By the standards of most mortals playing major league baseball, Lou Gehrig’s 1938 season with the New York Yankees earned him his sixth straight selection to the American League All Star Team. He played in all 157 of his team’s games. His batting average was .295; he hit 29 home runs and drove in 114 runs.
But for Lou, 1938’s statistics were his worst in years. The last time he hit fewer home runs was 1928 and the last time drove in fewer runs was 1926. The only other time he missed hitting .300, by the same scant 5 percentage points, was his first year as a regular – 1925.
But Gehrig had a good excuse for his sub-standard year in 1938, even though no one, including himself, knew it.
By early in the year, close observers noticed new frailties in the great first baseman’s game, frailties suggesting – at least in retrospect – the onset of amyotrophic lateral sclerosis, the neurodegenerative disease short-handed as ALS, or “Lou Gehrig’s disease.”
It wasn’t until after the season that doctors made that diagnosis.
It didn’t stop Gehrig, who went to spring training and tried to play on through his illness. But, he started only eight more games before ending his streak of consecutive games played at 2,130 – from July 1, 1925 to May 2, 1939 – before retiring. He made his famous farewell at Yankee Stadium on July 4 of that year and died less than two years later.
It may have been Gehrig’s greatest triumph that his play in his last real season of baseball was heartbreaking only in retrospect. And his famous locution in his farewell – “I consider myself the luckiest man on the face of the earth,” wasn’t some irony made for the occasion. Lou had been saying those exact words in interview after interview since he left Columbia University to join the Yankees.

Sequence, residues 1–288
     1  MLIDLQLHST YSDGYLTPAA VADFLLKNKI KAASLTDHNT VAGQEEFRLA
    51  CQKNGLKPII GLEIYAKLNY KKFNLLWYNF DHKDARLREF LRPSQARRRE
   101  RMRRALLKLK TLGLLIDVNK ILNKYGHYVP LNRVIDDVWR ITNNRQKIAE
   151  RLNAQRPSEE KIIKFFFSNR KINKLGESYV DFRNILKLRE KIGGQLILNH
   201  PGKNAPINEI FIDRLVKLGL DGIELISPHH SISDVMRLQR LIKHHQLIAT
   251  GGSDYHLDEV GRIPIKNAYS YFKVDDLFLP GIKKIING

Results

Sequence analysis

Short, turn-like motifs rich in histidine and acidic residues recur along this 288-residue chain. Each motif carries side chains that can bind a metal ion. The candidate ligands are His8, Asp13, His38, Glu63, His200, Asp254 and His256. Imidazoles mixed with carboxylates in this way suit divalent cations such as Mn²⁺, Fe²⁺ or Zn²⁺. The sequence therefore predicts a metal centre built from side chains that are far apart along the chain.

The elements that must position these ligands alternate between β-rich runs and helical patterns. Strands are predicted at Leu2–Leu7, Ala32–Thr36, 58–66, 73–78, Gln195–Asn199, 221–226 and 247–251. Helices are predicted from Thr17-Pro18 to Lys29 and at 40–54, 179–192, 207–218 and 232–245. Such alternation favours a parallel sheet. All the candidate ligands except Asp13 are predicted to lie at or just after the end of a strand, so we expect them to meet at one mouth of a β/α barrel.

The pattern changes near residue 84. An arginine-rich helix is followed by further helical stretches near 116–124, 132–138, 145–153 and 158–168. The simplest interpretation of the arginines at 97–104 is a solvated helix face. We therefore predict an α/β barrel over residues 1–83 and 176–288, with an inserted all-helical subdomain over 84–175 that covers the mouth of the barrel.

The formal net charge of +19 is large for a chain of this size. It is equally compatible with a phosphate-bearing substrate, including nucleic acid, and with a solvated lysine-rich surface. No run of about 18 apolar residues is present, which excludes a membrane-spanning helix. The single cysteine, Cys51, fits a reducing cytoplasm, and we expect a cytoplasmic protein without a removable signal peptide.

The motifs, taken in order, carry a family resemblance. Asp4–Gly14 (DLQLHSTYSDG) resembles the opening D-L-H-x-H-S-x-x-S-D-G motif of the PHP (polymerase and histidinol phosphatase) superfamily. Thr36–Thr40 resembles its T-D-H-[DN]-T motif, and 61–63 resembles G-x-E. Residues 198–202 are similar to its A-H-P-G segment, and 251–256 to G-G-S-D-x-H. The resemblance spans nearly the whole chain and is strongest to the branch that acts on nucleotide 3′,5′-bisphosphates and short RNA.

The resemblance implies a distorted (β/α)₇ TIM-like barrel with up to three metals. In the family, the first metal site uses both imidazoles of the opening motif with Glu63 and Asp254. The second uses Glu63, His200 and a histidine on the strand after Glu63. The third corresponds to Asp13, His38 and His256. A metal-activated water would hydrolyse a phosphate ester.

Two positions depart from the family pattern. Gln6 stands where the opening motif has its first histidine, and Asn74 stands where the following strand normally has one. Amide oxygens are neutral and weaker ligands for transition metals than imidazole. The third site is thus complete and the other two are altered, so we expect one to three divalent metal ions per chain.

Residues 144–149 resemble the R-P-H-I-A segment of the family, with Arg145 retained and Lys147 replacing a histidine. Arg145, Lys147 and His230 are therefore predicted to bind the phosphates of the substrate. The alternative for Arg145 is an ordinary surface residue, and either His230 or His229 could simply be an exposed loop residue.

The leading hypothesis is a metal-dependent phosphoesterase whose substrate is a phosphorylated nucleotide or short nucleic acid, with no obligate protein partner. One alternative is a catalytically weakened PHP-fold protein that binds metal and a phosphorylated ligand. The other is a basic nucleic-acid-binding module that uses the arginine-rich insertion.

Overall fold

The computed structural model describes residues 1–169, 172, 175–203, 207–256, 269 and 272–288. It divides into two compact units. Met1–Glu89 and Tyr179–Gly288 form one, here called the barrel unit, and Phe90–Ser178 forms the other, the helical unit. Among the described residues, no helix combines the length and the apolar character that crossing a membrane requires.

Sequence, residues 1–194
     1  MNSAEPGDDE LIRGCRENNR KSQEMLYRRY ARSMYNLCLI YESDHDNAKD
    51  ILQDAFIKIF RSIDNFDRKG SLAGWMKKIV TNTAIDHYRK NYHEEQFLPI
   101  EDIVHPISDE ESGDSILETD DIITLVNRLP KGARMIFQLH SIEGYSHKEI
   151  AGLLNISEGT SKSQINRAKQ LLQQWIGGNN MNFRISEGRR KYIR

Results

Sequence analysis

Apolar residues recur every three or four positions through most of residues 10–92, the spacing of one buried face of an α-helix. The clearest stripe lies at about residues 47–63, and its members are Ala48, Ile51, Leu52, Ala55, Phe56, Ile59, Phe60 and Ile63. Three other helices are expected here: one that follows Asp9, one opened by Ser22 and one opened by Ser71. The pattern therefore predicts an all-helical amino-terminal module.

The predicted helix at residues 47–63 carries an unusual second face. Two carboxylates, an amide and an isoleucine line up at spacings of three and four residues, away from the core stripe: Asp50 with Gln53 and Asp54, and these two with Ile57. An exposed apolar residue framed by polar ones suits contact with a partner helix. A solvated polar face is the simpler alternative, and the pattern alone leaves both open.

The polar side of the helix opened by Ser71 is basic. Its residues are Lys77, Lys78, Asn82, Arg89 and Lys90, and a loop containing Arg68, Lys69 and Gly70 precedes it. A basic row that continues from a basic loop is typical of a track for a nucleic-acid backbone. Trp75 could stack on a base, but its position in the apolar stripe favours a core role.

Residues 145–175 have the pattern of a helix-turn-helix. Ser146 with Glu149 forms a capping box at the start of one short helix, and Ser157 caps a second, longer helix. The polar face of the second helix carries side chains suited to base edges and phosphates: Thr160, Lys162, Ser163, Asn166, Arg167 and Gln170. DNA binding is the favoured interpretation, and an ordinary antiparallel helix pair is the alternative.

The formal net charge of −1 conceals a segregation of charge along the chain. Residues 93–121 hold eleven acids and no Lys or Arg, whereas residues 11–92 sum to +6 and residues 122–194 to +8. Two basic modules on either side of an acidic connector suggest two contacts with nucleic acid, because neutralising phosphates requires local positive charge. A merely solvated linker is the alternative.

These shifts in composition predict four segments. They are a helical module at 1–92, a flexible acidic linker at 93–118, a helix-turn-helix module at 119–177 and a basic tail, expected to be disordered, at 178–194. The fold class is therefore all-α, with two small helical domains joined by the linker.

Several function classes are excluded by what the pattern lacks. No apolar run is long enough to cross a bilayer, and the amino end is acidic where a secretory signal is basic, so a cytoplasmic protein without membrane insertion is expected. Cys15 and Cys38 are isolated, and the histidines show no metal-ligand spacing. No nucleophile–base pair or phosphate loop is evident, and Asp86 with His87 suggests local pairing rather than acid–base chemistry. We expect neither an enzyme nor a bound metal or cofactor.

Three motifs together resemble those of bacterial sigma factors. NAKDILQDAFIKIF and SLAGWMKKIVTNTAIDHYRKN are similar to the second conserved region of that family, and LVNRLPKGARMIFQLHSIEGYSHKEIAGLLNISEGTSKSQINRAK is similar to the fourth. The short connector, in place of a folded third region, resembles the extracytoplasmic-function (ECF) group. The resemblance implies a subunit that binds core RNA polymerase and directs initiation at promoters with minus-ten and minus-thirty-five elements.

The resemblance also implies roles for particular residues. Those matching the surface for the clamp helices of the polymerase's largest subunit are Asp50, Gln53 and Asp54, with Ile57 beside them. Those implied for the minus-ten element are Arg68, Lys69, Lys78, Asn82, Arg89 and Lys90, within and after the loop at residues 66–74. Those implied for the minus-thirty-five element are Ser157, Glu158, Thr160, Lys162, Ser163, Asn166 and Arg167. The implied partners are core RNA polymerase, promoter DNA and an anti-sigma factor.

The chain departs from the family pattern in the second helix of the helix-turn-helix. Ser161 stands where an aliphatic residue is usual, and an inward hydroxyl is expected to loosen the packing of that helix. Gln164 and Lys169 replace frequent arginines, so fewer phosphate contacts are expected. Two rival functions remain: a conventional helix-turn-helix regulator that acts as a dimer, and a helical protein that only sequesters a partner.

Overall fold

Dan Joseph is a journalist and author living in the Washington, D.C. area. He is a graduate of Indiana University and has spent nearly 20 years working for the Voice of America, most as an editor in VOA’s central newsroom. His new book is The Last Ride of the Iron Horse: How Lou Gehrig Fought ALS to Play One Final Championship Season.
He previously co-authored Inside Al-Shabaab, a study of the East African terrorist organization. A member of SABR (Society for American Baseball Research), he is also a lifelong baseball fan and one of the few living people under 50 to have attended a Pittsburgh Pirates World Series game.